- Piña Colada Cake: I haven’t tested this recipe with the addition of rum to yield a piña colada cake. However, rum would definitely work in the frosting. Use 2 and 1/2 teaspoons of your favorite rum to replace the coconut milk/pineapple juice and vanilla extract.
- Pineapple Cake (no coconut): Follow the recipe below but substitute whole milk for the canned coconut milk, leave out the coconut extract and shredded coconut, then increase pineapple chunks in the cake batter to 1 and 1/2 cups. Use pineapple juice as the liquid in the frosting and skip the coconut garnish.
This pineapple coconut cake includes pineapple chunks, coconut, coconut milk, plus homemade pineapple curd and cream cheese frosting. Each bite is packed with moist texture and irresistible flavor. Review the recipe notes before beginning. To save time, feel free to make the pineapple curd first. It must cool completely before you use it in the cake’s assembly.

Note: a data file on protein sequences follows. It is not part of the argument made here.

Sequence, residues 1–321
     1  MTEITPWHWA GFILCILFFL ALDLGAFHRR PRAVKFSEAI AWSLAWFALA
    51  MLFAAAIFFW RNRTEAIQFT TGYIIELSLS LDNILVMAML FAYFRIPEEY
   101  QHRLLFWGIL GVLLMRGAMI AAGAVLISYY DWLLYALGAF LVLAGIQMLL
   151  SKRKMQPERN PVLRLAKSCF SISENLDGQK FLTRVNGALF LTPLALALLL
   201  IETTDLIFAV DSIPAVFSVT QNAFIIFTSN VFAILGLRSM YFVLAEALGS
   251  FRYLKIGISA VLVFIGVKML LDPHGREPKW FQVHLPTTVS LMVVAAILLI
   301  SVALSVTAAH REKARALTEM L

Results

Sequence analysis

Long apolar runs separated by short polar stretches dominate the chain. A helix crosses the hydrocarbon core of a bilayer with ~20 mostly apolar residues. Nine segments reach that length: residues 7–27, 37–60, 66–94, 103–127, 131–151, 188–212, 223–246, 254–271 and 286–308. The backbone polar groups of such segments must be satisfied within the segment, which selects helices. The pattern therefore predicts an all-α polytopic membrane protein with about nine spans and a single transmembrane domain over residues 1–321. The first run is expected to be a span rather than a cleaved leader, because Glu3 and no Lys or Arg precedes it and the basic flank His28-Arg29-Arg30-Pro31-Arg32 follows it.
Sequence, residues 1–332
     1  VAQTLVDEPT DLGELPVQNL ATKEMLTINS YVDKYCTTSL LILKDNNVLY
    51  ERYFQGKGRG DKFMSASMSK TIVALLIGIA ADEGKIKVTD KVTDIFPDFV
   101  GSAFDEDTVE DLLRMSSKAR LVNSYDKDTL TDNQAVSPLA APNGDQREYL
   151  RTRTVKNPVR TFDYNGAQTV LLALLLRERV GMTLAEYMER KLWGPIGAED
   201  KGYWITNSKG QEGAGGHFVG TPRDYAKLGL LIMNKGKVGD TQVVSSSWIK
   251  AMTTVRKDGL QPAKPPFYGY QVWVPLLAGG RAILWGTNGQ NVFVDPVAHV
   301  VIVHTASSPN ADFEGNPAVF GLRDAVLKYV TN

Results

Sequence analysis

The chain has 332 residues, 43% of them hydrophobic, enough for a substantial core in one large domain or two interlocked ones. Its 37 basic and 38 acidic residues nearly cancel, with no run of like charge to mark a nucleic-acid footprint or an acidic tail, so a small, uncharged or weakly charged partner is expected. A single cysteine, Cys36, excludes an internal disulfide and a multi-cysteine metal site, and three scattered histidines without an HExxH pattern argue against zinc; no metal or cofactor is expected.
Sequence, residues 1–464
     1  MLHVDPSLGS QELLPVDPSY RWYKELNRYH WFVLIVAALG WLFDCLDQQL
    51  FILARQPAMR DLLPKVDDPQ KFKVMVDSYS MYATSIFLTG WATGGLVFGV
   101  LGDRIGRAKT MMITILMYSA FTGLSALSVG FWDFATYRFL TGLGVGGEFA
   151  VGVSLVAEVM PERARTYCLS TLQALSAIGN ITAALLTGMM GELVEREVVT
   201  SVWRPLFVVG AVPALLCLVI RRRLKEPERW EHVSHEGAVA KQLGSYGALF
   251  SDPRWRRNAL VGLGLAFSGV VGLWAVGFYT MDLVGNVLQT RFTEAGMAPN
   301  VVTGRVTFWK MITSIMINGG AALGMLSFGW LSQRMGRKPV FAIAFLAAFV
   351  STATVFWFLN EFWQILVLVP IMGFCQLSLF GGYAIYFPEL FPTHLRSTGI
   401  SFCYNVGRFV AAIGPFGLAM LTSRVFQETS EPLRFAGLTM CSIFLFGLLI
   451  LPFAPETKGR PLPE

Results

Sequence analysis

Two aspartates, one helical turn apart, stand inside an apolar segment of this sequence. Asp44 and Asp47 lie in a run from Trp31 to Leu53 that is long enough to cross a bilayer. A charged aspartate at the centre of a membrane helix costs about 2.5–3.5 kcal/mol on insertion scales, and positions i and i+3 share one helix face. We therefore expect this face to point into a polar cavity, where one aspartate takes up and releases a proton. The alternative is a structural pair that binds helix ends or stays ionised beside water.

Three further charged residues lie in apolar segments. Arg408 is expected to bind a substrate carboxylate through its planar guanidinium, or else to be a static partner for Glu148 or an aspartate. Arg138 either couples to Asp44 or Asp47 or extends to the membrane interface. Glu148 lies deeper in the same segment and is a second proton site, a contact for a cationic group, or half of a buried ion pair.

- 2 and 1/2 cups (285g) cake flour (spooned & leveled)
- 2 teaspoons baking powder
- 1/2 teaspoon baking soda
- 1 teaspoon salt
- 3/4 cup (12 Tbsp; 170g) unsalted butter, softened to room temperature
- 1 and 1/2 cups (300g) granulated sugar
- 4 large egg whites, at room temperature
- 1/2 cup (120g) sour cream, at room temperature
- 2 teaspoons pure vanilla extract
- 1 teaspoon coconut extract
- 3/4 cup (180ml) canned coconut milk, at room temperature*
- 2 Tablespoons (30ml) pineapple juice (canned or fresh)
- 1 cup (80g) sweetened shredded coconut
- 1 cup (225g) pineapple chunks (canned and drained or use fresh), plus extra for garnish
- 1 large egg
- 2 large egg yolks
- 1/3 cup (65g) granulated sugar
- 1 and 1/2 teaspoons cornstarch
- 1/3 cup (80ml) canned pineapple juice (must be canned)
- 1/8 teaspoon salt
- 1/4 cup (4 Tbsp; 56g) unsalted butter, softened to room temperature and cut into 4 pieces